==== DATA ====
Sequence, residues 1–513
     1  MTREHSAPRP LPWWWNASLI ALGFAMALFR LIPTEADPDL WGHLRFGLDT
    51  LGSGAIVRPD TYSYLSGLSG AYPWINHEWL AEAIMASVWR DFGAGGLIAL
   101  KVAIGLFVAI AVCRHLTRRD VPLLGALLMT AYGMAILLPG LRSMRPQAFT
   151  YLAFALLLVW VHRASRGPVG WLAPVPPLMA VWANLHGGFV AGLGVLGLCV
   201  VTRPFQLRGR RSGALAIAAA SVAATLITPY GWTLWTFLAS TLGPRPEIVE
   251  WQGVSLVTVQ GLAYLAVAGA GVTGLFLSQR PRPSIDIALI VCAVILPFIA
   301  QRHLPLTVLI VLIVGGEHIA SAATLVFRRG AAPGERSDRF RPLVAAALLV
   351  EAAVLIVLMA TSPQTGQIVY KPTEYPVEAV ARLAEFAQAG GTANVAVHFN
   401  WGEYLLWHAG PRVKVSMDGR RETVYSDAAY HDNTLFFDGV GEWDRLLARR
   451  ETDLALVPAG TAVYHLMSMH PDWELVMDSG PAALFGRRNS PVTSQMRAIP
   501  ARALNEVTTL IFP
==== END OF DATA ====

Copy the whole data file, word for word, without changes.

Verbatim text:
Sequence, residues 1–513
     1  MTREHSAPRP LPWWWNASLI ALGFAMALFR LIPTEADPDL WGHLRFGLDT
    51  LGSGAIVRPD TYSYLSGLSG AYPWINHEWL AEAIMASVWR DFGAGGLIAL
   101  KVAIGLFVAI AVCRHLTRRD VPLLGALLMT AYGMAILLPG LRSMRPQAFT
   151  YLAFALLLVW VHRASRGPVG WLAPVPPLMA VWANLHGGFV AGLGVLGLCV
   201  VTRPFQLRGR RSGALAIAAA SVAATLITPY GWTLWTFLAS TLGPRPEIVE
   251  WQGVSLVTVQ GLAYLAVAGA GVTGLFLSQR PRPSIDIALI VCAVILPFIA
   301  QRHLPLTVLI VLIVGGEHIA SAATLVFRRG AAPGERSDRF RPLVAAALLV
   351  EAAVLIVLMA TSPQTGQIVY KPTEYPVEAV ARLAEFAQAG GTANVAVHFN
   401  WGEYLLWHAG PRVKVSMDGR RETVYSDAAY HDNTLFFDGV GEWDRLLARR
   451  ETDLALVPAG TAVYHLMSMH PDWELVMDSG PAALFGRRNS PVTSQMRAIP
   501  ARALNEVTTL IFP